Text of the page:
The increase in business has transformed the dynamics of village life in Tanah Beru. Boat-builder Muchsin is one of those craftsmen benefiting. He’s working on a boat renovation at the ocean’s edge on the nearby Panranglulu beach.
Like many of the boat-builders here, Muchsin has also worked in boatyards on nearby islands, spending time in Bali where a lot of the finishing and furnishing work is carried out. “We follow the work and right now the work is here in Bulukumba,” the cheery father of three explains while overseeing the finishing touches on the four-month restoration of a cargo vessel.
“Many of the villagers who left for projects in Kalimantan and other islands are now coming home, which is not just good for the local economy but also for training the next generation.”
The scale of the boatbuilding industry is immediately apparent in Tanah Beru. Set off a brilliant white sandy beach, bordering a blue-green ocean, row upon row of boatyards reveal the sheer range of vessel styles that are under construction.
Here, families continue a craft handed down from generation to generation, skills passed from father to son. Under rudimentary bamboo roofing, small teams of workers hammer, saw and chisel their way through the large piles of timber stacked on their forecourts.
Liebner, who has been studying the different ethnic groups of South Sulawesi and their maritime traditions for nearly three decades, explains that one reason Bulukumba is well-known for boatbuilding is a paucity of other vocations. “The soil is not suitable for farming. With no living to be made off the land, the villagers turned to the ocean for their livelihood – they had no choice.”
Learning an ancient art
A good boat starts with good wood. Traditionally, sappanwood, ironwood and teak are the materials of choice, with a consistent supply imperative. After the correct amount of timber has been secured, each block of wood is earmarked for a specific part of the boat, following a method that favours building the boat from the base of the hull up, plank by plank.
“Once we know the size of the ship, the first step is to start the keel,” shares Pak Haji Ully. “To waterproof the boat, we use a traditional glue made from tree bark.”
It’s not just the construction methods that draw from the past. Ceremonies accompany each stage of the process, and it’s believed these protect the finished boat and its crew. In the beginning, the laying of the keel is given the metaphor of a marriage. The different keel pieces are named after male and female reproductive organs and their union culminates in the birth of the finished boat months later, when it is launched. The final rituals take place at a lavish feast, held the night before the launch.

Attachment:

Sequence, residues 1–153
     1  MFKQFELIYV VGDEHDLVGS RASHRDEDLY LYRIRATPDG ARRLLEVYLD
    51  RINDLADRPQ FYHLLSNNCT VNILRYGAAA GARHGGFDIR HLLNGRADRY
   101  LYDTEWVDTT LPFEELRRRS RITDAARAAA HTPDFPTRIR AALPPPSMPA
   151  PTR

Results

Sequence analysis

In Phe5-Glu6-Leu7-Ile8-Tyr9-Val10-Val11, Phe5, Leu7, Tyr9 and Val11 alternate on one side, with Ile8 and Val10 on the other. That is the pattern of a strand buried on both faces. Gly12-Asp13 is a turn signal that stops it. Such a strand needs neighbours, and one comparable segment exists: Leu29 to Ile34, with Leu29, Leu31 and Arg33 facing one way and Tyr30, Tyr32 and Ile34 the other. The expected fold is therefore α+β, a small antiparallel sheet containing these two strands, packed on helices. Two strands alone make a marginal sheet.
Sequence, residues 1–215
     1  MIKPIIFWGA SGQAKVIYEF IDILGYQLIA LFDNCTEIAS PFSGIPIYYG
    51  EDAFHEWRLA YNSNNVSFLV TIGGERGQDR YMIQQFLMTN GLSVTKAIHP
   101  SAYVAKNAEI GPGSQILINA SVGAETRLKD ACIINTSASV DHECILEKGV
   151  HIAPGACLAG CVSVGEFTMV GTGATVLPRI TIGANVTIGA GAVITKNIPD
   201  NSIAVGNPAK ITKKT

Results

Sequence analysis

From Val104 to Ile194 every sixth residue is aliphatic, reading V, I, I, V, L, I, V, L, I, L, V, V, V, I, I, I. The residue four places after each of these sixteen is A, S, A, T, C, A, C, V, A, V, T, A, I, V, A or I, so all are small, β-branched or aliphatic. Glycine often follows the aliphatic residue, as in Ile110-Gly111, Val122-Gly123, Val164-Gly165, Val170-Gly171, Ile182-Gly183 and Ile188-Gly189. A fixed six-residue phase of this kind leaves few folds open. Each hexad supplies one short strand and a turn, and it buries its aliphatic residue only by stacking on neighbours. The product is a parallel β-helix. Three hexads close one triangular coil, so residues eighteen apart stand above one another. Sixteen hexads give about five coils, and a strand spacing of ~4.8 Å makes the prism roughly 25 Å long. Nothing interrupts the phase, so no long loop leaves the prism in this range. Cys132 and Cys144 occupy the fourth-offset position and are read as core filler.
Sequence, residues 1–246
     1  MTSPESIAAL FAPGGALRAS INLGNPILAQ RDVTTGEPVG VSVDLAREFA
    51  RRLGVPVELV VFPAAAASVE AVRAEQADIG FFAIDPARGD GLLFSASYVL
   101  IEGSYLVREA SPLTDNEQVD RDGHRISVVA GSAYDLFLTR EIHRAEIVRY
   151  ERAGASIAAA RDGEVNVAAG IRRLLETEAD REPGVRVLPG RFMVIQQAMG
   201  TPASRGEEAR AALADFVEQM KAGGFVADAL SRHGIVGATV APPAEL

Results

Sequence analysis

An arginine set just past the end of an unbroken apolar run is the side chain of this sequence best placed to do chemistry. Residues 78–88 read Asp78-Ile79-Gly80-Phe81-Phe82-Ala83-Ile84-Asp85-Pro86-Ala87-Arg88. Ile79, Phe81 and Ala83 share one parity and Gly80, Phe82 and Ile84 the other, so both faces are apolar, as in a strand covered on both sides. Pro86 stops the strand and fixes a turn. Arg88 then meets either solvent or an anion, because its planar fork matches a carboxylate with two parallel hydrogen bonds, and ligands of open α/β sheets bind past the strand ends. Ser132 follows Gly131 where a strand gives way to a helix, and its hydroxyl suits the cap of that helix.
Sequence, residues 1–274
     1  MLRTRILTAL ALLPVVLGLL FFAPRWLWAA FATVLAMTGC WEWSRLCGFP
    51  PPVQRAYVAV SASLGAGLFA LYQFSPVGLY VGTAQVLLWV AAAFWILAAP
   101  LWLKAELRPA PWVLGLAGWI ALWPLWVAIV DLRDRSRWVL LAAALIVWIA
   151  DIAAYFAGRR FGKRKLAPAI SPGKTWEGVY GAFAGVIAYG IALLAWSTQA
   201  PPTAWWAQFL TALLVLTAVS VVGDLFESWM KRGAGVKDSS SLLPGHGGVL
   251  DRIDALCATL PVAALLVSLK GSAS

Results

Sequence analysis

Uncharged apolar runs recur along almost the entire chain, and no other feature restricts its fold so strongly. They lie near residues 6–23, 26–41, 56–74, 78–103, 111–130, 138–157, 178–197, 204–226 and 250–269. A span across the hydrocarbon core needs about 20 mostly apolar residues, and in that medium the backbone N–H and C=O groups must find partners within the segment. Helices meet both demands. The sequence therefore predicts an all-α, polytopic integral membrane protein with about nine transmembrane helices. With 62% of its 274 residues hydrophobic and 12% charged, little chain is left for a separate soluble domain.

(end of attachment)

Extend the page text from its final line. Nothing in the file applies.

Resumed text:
Although boatbuilding in Tanah Beru has received a welcome spike in recent years, Muchsin is still a little apprehensive about the future. “Sadly, these days, many of the young prefer to go to school rather than learn to be a tukang (head boat-builder), so it’s possible these skills might one day be lost.”
Acquiring the knowledge to become a tukang is not straightforward, with new recruits starting at the very bottom of the pecking order.
“They actually start the process as cooks for the team,” explains Muchsin. “Observing the workers in action before they are taught the first basic skill – making the wooden pegs. When they have mastered this, they move to the next level and continue until they have learnt all the skills.”
Traditionally, only wooden pegs were used to join the timber, but this has evolved, with metal pegs now used in strategic places. Modern tools have sped up the process but with all work done by hand in simple workshops, it’s a lengthy affair that can take at least a year.
The process here definitely moves to a different beat, dependent on simple factors like wood supply and the weather. However, in many ways, that’s part of the appeal and one reason why demand for these ships has spiralled in the past decade. As clients like Weissenbaeck have discovered, it’s more than just a simple transaction between craftsman and client. “It is less about the technicalities of building boats,” he says. “You learn about patience, appreciation and the fact that adventure is worthwhile.”
That spirit of adventure and the quality of the finished product is something that should keep the boatbuilding community in Bulukumba busy for years to come.
This article was originally published in the June 2018 issue of Silkwinds magazine.